Sunday, September 21, 2014

Foggy Places and Rainy Days

I have vivid memories of a particularly dense fog that loomed over the Salt Lake Valley sometime during 1985.

The fog seemed the most thick while walking to school in the early morning hours. I had to walk to school with my younger sister Rebecca. Our school at that time was a mile away from home.

Rebecca was scared and walked very slow. I was annoyed and frustrated at first. The next day I realized that her fear was very real to her and she wasn't just making it up to bother me.

She was terrified that her field of vision was so limited. Rebecca was afraid that something truly dangerous was lurking in the fog and it was coming out to get her.

When it rained she was noticeably happier and energetic. When the fog again returned it felt almost as though the fog had also settled inside Rebecca and not just around her.

The fog was so persistent that eventually Rebecca became acclimated to it and it seemed to no longer affect her so severely. She was different though.

It wasn't long after that time that a different hazard surrounded Rebecca; now she was in a difficult and more brutal long-term fog. She would have to fight for her life for many years. 

Sometimes she was leery and cautious of the figurative impact of the dirt in the air around her, "the fog"; other times she was willfully oblivious of it. 

I am now speaking of the negative influence of filthy neighborhood kids, other bad influences, curiosity, molestation, and eventually drugs and alcohol.

The grotesque fog that settled on Rebecca lingered for the next twenty years. For many of those years I was frustrated with her, not fully understanding the dangers that had crept into her life from that same nasty foggy mess that seemed to constantly be her around.

Then I understood the fears, her reactions, and the way she handled the traumas in her life. It was all very warranted, very real, very scary, and her various responses were just as unique as she was.

I loved her, I had many great times and created fantastic memories with her. I also have hated her and not wanted to be around her.

I have laughed with her, I have cried with her, I have learned from her, and I have admired her. I have prayed for her, I have picked her up when she was down. I have been down and been buoyed up by her energy and creativity many times.

I miss sleepovers, late night Phase 10 tournaments, licorice-straws in soda, and cutting out pictures of our favorite famous people from magazines. I desperately miss sharing music and making up songs at the piano together.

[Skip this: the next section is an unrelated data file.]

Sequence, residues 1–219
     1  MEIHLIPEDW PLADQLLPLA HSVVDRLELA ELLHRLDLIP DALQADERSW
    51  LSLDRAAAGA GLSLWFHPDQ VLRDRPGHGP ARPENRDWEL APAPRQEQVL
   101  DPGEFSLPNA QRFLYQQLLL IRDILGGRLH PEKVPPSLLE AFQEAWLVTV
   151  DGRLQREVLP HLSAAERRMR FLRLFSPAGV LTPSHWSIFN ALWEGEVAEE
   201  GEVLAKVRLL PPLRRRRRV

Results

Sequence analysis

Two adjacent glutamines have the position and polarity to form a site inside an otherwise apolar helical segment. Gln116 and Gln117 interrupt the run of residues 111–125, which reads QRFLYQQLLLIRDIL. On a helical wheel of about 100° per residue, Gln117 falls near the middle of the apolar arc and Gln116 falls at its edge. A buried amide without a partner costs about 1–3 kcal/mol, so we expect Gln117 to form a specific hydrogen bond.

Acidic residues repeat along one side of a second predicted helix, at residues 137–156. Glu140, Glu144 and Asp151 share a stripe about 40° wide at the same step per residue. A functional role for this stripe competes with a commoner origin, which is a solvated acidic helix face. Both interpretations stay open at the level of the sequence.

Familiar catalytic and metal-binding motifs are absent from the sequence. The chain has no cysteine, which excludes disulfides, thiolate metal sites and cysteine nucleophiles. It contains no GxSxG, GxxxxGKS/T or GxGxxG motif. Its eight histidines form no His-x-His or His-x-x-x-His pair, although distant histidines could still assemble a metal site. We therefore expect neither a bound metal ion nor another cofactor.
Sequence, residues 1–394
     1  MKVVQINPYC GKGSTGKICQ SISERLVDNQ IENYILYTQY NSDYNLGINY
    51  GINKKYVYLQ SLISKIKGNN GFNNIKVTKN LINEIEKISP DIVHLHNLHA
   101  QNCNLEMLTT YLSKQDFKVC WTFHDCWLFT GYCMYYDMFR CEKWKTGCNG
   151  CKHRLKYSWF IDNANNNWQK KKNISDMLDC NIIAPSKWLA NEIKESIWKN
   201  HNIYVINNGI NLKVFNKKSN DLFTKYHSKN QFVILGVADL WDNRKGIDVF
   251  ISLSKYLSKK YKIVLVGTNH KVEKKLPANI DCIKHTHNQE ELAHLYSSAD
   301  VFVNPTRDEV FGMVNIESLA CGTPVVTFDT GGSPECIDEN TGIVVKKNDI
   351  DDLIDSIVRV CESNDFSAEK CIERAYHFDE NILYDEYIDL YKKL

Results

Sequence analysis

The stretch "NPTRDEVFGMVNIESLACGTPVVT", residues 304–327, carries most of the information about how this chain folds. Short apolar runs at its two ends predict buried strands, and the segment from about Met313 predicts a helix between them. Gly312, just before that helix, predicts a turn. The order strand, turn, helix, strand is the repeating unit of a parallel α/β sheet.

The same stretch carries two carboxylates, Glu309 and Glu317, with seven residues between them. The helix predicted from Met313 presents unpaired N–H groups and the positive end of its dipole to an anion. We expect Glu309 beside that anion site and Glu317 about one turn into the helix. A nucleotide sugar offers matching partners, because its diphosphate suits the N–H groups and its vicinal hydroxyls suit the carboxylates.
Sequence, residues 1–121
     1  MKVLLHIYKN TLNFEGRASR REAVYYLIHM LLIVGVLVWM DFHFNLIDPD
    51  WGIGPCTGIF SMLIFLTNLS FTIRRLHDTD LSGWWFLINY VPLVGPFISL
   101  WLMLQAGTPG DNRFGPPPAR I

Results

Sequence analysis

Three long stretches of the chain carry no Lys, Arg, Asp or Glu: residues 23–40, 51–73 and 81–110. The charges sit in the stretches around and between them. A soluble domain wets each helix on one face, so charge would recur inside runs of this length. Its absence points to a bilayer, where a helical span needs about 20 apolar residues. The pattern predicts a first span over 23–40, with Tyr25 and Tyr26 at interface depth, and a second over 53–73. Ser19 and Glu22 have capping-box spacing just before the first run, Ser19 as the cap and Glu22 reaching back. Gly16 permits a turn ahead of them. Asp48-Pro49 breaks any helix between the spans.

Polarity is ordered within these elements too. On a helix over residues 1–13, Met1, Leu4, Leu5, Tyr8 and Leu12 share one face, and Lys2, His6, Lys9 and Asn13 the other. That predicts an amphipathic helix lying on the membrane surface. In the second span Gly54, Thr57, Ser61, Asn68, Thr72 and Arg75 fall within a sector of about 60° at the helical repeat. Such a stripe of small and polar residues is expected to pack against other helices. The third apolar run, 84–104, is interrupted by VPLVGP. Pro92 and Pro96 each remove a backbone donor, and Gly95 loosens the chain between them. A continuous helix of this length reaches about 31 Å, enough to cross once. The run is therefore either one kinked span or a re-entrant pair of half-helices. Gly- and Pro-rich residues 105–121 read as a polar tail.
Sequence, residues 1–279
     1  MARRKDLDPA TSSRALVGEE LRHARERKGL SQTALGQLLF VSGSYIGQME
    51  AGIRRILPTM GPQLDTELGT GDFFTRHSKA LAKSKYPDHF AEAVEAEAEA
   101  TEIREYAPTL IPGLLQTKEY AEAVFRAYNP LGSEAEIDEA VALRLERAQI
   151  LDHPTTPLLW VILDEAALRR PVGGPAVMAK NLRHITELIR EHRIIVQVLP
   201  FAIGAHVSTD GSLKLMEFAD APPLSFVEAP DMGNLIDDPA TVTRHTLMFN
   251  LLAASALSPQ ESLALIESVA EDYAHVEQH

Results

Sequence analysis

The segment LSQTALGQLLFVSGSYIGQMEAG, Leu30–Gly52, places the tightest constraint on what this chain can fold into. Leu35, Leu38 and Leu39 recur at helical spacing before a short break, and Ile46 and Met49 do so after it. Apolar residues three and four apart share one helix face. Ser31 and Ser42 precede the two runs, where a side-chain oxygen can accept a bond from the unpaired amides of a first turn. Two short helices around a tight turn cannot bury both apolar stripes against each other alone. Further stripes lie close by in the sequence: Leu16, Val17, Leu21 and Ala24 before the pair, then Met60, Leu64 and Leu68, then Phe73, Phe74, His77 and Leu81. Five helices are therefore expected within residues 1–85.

I hate the fog that is created by others. It scares me now. It makes me feel more vulnerable than I want to feel. The only way I've been able to navigate it emotionally, has been to pray fervently and to constantly seek out good things.

I believe in a Supreme Being, a Father in Heaven, and I believe that this Being can indeed literally pull the fog out of us, if we let him. Trusting and submitting to the Supreme is like experiencing a good rain; clearing up bad air.

Fog, otherwise known as the darkness created by poor choices by us and others must be allowed to exist, so long as there is agency. The power to choose is ours and those choices certainly can affect others around us.

But this filth that gets kicked up and carried around in the air does not have to exist inside of me if I don't permit it to. I have that choice.

Rebecca made such amazing and tremendous improvements the last several years; especially 2012 until her passing this last May. 

At age 35, Rebecca suddenly passed away. Her body had been through enough and it had rejected the medications used to help her function... her body just simply stopped working. 

Her death was a merciful thing, I think. Rather than living in extreme pain and somehow making it through, she is now free from her pains. 

Her passing came at a high point in her life. What better time to go, right? Her fog has certainly lifted.

I can't help but feel happy for her. Though I miss her, I also feel that she is truly at peace. She deserves that. 

In some way, I sort of feel like she is the one now that is leading me  safely through the fog that comes and goes throughout life. 

I believe that she has joined a team of cheerleaders that surround me. They keep me from allowing any particular dirtiness from creating a fog that's too dense for me to navigate through.

I admire the vantage point and understanding that the dead must have on the living. 

I believe that when it is my turn to return to my Father in Heaven that created me, that I will be greeted by my cheerleaders; Rebecca, certainly first among them... knowing her, she wouldn't permit it any other way.

Writing this feels really good. It has been a healing reflection.

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